• 10. Chapter 2 HAK slashes salt Reaching for the salt cellar There are now a number of producers that have cut Research [24] has shown, however, that a fairly abrupt salt content without compensation. HAK, for example, reduction in sodium (by around 50%) over a period last year cut the salt content of its canned vegetables of 13 weeks did not lead to excessive use of the salt by 25% in one fell swoop . “The reduction varies [21] cellar. from vegetable to vegetable”, explains senior product According to Beauchamp, the 11 experimental subjects manager Erik Pijnenburg. only compensated for 20% of the “shortfall” of A few examples: HAK’s reduced-salt kale contains 0.10 sodium that they obtained via processed food. gram of sodium, while its haricot beans contain 0.15 On the other hand, manufacturers cannot afford to gram and its beetroot 0.21 gram. lose consumers by slamming on the salt brakes too Pijnenburg is candid about the method used. “During quickly. Ultimately, the intention is that consumers the product development phase we kept on lowering should get used to a new, lower preferred salt level the salt and therefore also the sodium content until almost without noticing it. This was also found to the consumer panels found the taste to be ideal.” work in Beauchamp’s study [22], which shows that a According to Pijnenburg, the reason consumers found gradual reduction in cooking salt leads to a different the less salty variants tastier was that they tasted preferred level. The question is: exactly how low is more vegetables. “That may also be true. Although this level? salt is a seasoning, it also has a levelling effect on the Research by Beauchamp’s group also shows that other flavours.” habituation to lower salt levels is product-dependent. “For example, habituation did occur for the soup Slow versus radical whose salt content was reduced in the study, but the It is actually remarkable that the consumer panels preference for salt in other products did not change”, found HAK vegetables with less salt tastier than says Jojanneke Busch, Flavour Manager at Unilever the old variants. The reason? Habit. According R&D in Vlaardingen. to Beauchamp , this is an important factor in [22] determining the preferred level of salt. If consumers Trial and error are accustomed to a certain level of salt in food, this Striking this balance is a question of trial and error. is the level that they will find ideal. The determination of a minimum level is dependent If manufacturers reduce salt content too abruptly, on the specific product and process in question. consumers may turn away from these products. As HAK has already demonstrated, it is possible Another danger, and one which the Dutch Consumer to achieve an abrupt reduction of 25% in canned Association, among others, has warned about [23] , is vegetables. Australian researchers maintain that that consumers will start to compensate for reduced a 25% salt reduction in bread, over a period of salt levels by reaching for the salt cellar more at six weeks, has no consequences for consumer home. acceptance [25]. 1 0 sa l t on the agenda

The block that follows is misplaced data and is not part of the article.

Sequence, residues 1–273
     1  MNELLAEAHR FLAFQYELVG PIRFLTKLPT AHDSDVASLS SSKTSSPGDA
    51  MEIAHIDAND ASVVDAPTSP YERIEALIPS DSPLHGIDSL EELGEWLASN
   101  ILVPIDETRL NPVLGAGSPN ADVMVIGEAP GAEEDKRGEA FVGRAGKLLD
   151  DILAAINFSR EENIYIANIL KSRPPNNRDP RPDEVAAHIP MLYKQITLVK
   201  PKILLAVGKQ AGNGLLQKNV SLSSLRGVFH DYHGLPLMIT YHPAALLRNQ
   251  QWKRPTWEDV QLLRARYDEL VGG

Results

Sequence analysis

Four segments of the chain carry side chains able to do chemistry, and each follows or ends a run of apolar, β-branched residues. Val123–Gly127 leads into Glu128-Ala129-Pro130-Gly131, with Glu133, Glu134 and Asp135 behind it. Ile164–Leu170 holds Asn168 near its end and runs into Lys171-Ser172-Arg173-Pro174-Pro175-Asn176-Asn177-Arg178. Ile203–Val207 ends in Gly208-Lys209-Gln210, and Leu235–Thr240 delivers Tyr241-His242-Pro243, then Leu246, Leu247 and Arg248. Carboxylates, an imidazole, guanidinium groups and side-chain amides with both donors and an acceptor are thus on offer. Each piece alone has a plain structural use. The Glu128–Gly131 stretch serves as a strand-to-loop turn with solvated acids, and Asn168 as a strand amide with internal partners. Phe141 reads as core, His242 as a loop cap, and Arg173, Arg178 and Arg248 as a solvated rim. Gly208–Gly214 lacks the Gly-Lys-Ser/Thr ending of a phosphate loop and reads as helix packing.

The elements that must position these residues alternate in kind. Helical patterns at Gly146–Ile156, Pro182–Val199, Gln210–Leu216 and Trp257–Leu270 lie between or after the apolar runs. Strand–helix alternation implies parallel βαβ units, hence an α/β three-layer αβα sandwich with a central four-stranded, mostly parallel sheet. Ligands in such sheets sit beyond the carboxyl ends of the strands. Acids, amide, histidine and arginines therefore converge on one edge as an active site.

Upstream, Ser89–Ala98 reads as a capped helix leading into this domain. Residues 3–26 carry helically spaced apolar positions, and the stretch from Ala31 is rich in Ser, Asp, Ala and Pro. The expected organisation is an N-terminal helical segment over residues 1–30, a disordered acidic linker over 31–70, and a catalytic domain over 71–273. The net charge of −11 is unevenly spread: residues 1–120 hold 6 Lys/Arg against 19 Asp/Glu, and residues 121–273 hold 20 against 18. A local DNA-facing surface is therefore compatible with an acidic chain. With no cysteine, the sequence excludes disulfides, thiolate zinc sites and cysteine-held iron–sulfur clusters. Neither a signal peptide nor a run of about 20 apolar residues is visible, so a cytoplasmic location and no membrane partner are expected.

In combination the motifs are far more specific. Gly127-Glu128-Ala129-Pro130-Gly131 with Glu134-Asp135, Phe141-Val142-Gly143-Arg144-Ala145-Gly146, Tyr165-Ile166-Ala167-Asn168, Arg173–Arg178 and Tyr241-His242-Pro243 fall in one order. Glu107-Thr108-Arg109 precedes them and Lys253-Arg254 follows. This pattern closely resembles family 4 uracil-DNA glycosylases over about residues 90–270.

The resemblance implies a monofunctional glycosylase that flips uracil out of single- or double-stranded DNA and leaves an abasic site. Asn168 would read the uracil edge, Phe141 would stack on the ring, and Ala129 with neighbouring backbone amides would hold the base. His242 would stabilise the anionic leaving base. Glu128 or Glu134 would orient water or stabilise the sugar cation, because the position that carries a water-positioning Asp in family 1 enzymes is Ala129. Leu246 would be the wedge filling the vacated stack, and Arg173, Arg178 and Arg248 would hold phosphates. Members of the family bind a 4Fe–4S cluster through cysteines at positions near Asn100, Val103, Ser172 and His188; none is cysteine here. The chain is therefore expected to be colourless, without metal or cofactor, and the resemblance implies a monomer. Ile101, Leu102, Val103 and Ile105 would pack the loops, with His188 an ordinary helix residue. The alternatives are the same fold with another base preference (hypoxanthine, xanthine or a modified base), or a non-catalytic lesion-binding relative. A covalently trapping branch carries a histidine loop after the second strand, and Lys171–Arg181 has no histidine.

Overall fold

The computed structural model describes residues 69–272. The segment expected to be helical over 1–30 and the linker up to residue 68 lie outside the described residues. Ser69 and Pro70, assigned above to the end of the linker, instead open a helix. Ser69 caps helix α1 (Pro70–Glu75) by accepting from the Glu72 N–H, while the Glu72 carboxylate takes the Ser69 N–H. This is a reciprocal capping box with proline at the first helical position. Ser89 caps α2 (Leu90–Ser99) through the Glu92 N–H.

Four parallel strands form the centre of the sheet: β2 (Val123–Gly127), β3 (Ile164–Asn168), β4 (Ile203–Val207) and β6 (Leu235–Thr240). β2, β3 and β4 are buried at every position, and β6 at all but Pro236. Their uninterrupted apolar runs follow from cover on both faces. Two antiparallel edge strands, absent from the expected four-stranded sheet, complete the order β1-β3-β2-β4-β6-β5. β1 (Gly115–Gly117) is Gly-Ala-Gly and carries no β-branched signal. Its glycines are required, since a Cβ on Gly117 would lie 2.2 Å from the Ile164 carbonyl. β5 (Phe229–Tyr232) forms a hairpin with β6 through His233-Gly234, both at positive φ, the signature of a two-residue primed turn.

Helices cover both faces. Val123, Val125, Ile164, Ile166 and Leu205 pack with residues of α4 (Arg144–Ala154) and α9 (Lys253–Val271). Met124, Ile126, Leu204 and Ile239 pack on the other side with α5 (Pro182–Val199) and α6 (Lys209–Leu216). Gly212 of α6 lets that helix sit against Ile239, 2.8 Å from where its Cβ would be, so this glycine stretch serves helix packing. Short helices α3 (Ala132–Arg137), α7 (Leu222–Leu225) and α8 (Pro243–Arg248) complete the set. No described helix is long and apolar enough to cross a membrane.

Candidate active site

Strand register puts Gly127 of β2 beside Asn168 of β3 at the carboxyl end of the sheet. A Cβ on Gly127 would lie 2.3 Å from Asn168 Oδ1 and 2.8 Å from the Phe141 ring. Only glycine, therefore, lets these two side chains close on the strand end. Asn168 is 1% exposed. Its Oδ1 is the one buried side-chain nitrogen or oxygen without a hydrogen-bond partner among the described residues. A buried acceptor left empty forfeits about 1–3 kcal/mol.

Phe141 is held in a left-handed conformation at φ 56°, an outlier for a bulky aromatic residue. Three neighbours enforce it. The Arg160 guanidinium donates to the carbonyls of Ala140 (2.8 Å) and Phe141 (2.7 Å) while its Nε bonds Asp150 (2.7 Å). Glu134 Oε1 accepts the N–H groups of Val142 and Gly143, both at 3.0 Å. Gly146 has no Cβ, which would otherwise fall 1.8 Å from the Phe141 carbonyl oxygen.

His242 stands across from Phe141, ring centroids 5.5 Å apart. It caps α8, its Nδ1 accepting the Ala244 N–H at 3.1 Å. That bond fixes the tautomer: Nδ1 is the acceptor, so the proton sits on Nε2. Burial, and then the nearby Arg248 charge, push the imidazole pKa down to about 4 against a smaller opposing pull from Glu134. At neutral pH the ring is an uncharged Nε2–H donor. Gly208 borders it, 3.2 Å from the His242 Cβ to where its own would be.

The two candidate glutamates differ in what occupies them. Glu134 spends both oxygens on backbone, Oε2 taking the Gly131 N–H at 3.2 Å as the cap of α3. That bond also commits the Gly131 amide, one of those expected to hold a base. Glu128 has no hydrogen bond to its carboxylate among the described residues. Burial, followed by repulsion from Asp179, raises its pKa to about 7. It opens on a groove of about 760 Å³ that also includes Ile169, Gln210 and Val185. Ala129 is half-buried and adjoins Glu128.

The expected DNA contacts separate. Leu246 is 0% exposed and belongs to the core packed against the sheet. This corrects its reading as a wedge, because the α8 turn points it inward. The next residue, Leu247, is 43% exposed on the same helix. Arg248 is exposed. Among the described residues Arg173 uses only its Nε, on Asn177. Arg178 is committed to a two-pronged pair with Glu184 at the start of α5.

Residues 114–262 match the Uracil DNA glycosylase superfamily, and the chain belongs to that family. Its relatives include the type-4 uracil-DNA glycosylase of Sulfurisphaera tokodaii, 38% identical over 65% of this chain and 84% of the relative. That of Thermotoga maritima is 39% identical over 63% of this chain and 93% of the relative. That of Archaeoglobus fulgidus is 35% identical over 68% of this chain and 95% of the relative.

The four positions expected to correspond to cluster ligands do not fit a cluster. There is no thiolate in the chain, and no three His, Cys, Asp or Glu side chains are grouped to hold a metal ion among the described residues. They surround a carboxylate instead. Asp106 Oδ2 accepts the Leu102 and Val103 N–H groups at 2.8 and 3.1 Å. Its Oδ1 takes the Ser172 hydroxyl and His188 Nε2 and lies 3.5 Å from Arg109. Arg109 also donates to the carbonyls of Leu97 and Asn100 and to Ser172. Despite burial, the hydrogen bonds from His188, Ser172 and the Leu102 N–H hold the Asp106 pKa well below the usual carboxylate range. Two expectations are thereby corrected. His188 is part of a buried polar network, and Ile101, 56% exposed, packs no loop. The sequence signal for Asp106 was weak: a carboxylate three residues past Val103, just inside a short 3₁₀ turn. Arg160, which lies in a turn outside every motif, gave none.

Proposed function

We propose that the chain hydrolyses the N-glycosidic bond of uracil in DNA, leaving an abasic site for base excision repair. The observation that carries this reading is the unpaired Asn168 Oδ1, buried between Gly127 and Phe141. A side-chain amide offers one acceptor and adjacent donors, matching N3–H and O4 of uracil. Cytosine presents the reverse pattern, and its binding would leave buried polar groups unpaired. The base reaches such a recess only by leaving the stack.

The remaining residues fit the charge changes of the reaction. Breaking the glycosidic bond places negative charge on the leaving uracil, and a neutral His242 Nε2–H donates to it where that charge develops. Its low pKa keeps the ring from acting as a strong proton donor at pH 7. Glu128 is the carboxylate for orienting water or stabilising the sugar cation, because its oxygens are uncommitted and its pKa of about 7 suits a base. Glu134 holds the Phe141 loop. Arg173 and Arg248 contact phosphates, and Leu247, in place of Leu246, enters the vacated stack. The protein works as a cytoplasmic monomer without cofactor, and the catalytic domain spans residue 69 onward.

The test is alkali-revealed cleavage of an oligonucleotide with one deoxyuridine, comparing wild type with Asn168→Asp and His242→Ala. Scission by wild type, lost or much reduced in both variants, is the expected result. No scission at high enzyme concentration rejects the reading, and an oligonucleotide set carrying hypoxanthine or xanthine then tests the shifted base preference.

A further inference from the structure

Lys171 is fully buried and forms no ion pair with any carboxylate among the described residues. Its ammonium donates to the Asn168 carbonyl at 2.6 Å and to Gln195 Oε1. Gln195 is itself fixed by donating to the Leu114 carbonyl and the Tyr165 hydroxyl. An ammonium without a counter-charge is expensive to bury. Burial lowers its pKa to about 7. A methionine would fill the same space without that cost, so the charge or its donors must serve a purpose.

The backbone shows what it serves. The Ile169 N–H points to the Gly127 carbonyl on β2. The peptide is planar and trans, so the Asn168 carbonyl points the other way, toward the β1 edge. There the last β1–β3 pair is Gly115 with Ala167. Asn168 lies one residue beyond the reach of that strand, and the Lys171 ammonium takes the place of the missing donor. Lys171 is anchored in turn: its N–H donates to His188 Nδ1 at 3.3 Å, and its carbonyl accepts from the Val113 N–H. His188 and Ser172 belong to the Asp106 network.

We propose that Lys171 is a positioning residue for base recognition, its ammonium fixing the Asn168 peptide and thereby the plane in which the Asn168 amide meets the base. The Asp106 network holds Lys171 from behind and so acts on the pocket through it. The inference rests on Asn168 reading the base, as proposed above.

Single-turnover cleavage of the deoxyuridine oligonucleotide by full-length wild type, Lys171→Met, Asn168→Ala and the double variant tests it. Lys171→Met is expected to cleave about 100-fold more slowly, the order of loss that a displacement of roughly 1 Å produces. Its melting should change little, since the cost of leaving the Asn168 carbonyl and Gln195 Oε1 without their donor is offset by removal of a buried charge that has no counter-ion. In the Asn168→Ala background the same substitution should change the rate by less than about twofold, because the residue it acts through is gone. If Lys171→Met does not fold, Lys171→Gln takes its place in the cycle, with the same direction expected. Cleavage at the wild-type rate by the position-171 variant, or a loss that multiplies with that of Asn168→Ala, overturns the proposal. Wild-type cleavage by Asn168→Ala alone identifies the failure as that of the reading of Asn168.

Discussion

• 11. Chapter 2Just to be perfectly clear, what we are talking about and what functions it needs to perform (food safety,here is a salt reduction without any replacement or for example).other measures. It appears that a 25% reduction Potassium (K) [26] is a mineral that occurs naturally inis too ambitious for many product categories. A the body and is involved in the regulation of cardiacstraw poll conducted among experts and a number function and blood pressure, etc. It is the most widelyof companies (producers and suppliers) indicates a used alternative to salt in the food industry. Eitherpotential scope for reduction without compensation too much or too little potassium chloride in the bloodof between 10 and 15%. In other words, if the food (E508) can be dangerous (as will be discussed inindustry wants to remove at least a third of the salt more detail later).from its products, the reduction-without-replacement Potassium sulfate (K2SO4; E515) [27] is a whiteapproach will prove inadequate. Manufacturers will crystalline powder with a bitter, salty taste. It is freelythen have to dig deeper into their box of tricks. soluble in water. Potassium sulfate is synthesisedAnd there is another problem, namely that salt also by allowing sulfuric acid to react with potassiummakes up a significant proportion of the dry matter hydroxide or other potassium salts. It is naturallyin some products (especially solid ones). In these present in certain mineral waters.cases the industry will have to use other, often more Magnesium sulfate (MgSO3 and MgSO4; E518) [28] is aexpensive, ingredients. natural salt consisting of sulfuric acid and magnesium salts. Often referred to as Epsom salt, it is also used2.4 Other salts and salt blends as a firming agent in processed vegetables and fruit.There are numerous salt substitutes on the market Calcium carbonate (CaCO3; E170) [29] occursthat can pave the way for higher levels of sodium abundantly in nature in the form of the mineral,reduction. Ingredient suppliers at home and abroad calcite. It is used domestically as a descaling agenthave ready-made mixes with which the food industry to remove the calcium deposits that accumulatecan achieve significant reductions (ranging from 25 on heating elements. Calcium carbonate is used asto 50%). Broadly speaking, the range of products on a filling agent in some chewing gums. In the meatoffer fall into two categories: mixes that still consist industry the salt is also used for the white “mould”partly of sodium chloride and those that contain no on dry sausages.NaCl at all. Ammonium chloride (NH4Cl; E510) [30] is theFirst of all, it is appropriate to briefly outline the ammonium salt of hydrogen chloride. This whitemost widely used salts. Then we shall review the crystalline powder, also known as sal ammoniac, isadvantages and disadvantages of these products. used as an acidity regulator in baking products, etc.Finally, we shall give an overview of what thesuppliers have to offer. Given the wide range ofproducts available, this will not be an exhaustive list.Potassium chlorideIt goes without saying that sodium chloride is not theonly type of salt on the market. There are variouscompounds which, when used in combination,perform almost the same functions in food productsas sodium chloride. Which particular combination ischosen will depend on the type of product concernedsa l t on the agenda 11